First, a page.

ANCHORAGE (AP) -- A rumor swept through Unalakleet last summer that nearly caused the village to shut down.
Trajan Langdon was coming to town.
Speculation quickly spread about one of the state's prominent sports figures. People swarmed the single-lane airport with hopes of meeting Alaska's first NBA player.
''It was very exciting,'' Unalakleet resident Loretta Tweto said. ''Half the town went, thinking he'd be there.''
The rumors were unfounded.
The 26-year-old former East High basketball star was never scheduled to fly into the western Alaska village. The so-called celebrity on the plane, Tweto said, turned out to be a representative of Sprite, the soft-drink company sponsoring Langdon.
Tweto remembers leaving the airport disappointed, thinking how Langdon probably would never visit a place like Unalakleet. Not many stars do.
''The Harlem Globetrotters came here 30 years ago. But that's really been it,'' she said. ''Big names just don't visit.''
Langdon's going to change that.
He will be in Unalakleet on June 21 for a free basketball camp for kids. Langdon will conduct similar one-day camps in Barrow on June 19 and Anchorage on Aug. 2, plus offer scholarships for his inaugural Lace 'em up Camp in Seward July 22-27. Joining him in Seward will be fellow Duke alumnus Shane Battier of the Memphis Grizzlies.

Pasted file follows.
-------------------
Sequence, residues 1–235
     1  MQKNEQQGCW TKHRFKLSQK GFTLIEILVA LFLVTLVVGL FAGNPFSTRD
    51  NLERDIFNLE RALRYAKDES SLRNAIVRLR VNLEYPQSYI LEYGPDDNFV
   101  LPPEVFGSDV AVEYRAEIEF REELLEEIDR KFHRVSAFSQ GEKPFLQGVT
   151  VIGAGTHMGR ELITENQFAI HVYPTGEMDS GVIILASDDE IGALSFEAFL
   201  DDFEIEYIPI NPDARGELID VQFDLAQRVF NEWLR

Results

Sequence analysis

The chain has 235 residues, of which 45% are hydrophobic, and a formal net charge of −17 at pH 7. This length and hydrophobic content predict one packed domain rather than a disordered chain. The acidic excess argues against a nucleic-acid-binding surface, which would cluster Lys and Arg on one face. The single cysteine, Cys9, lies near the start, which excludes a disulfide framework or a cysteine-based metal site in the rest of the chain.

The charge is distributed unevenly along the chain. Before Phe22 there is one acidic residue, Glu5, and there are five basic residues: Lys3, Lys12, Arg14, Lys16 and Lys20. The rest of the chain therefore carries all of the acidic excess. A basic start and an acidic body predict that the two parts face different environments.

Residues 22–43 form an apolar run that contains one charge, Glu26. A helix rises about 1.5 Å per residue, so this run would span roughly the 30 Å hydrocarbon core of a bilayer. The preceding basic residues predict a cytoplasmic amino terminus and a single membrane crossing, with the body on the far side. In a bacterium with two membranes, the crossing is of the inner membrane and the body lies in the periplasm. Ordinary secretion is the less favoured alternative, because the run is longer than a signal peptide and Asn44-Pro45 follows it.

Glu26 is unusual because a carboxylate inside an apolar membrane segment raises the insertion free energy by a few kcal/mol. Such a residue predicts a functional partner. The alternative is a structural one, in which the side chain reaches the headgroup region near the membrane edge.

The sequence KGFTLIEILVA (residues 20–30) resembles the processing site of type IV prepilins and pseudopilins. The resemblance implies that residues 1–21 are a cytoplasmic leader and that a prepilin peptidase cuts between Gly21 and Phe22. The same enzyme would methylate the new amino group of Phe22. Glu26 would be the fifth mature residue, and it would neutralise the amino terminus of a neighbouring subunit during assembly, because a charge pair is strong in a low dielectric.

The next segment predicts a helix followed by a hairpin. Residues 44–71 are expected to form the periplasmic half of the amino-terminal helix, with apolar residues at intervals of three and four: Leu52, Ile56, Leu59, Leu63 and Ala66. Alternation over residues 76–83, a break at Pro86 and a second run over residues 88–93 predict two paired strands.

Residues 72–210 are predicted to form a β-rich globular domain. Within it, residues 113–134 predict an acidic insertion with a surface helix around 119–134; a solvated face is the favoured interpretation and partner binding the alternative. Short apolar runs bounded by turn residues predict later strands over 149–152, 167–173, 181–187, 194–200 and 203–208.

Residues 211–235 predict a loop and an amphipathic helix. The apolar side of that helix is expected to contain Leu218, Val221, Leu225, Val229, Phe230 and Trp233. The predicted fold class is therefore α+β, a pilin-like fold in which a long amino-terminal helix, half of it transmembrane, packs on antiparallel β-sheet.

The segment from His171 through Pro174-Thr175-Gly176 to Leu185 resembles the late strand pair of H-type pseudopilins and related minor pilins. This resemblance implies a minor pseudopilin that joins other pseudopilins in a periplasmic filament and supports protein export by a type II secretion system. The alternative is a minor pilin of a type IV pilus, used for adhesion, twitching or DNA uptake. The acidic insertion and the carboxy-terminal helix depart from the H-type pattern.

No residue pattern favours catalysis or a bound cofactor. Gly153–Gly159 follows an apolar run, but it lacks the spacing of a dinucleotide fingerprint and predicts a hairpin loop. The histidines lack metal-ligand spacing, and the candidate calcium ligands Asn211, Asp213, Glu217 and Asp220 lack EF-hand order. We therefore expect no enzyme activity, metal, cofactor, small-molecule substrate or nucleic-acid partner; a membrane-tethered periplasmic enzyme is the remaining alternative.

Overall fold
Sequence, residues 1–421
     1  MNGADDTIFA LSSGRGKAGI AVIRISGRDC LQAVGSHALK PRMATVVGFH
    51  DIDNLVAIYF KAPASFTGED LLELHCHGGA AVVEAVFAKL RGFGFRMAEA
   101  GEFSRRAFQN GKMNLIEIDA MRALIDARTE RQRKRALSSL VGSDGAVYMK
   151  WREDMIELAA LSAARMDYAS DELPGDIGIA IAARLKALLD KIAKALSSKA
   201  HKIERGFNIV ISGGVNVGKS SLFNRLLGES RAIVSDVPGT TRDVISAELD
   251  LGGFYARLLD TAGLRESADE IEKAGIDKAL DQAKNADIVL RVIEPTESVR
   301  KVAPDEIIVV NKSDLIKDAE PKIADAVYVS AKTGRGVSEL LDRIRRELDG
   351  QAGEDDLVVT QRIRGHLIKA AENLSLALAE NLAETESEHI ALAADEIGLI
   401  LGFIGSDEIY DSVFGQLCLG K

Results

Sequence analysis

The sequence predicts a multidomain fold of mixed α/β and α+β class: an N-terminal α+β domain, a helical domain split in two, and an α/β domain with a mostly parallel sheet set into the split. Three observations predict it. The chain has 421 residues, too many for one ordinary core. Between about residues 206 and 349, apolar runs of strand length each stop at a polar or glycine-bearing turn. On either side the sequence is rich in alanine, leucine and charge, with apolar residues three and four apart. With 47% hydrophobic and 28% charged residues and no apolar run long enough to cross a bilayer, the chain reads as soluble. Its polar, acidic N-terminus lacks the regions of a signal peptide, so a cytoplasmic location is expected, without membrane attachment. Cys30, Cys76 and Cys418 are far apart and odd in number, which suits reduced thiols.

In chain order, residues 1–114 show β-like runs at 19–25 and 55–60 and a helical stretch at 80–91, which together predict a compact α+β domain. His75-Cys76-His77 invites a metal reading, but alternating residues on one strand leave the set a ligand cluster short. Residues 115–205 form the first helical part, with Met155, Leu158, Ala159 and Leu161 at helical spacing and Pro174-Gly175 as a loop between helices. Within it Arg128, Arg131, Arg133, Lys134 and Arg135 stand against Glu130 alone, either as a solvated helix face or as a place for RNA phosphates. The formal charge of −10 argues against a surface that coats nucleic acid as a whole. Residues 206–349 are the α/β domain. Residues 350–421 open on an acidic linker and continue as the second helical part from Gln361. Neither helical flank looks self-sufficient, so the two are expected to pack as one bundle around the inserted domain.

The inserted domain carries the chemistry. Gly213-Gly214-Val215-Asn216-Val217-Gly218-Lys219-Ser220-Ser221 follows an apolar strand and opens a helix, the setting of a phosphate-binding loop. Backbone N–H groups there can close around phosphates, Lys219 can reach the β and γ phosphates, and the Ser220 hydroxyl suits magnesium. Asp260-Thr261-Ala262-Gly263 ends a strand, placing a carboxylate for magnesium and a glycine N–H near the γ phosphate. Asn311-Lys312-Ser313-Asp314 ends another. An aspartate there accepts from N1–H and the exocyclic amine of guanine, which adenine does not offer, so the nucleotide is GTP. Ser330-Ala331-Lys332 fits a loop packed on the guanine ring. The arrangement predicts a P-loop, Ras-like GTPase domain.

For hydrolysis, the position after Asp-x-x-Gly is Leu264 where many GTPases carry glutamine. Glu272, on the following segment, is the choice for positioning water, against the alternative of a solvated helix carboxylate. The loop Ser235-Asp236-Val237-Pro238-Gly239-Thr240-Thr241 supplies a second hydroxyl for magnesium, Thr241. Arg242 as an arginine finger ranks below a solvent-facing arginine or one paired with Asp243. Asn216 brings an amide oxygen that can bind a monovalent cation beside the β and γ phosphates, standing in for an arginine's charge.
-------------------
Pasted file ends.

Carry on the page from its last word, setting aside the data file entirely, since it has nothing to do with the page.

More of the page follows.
Langdon, a three-year member of the Cleveland Cavaliers, but currently a free agent in search of a team, has regularly returned to Alaska since leaving eight years ago.
This time, though, he's taking his show to the Bush. It's a gig he hopes to continue, bouncing from city to city and village to village.
''I want to change locations,'' Langdon said. ''You know, hit a different place every year.''
He put on a one-day camp last summer in Aniak and spoke to students in Kotzebue while he was still in high school, but that's the only traveling he's done in rural Alaska. That's why Langdon decided to include the Bush in plans this summer.
To Langdon, giving back to the community is a commitment that extends all over the state, not just his hometown.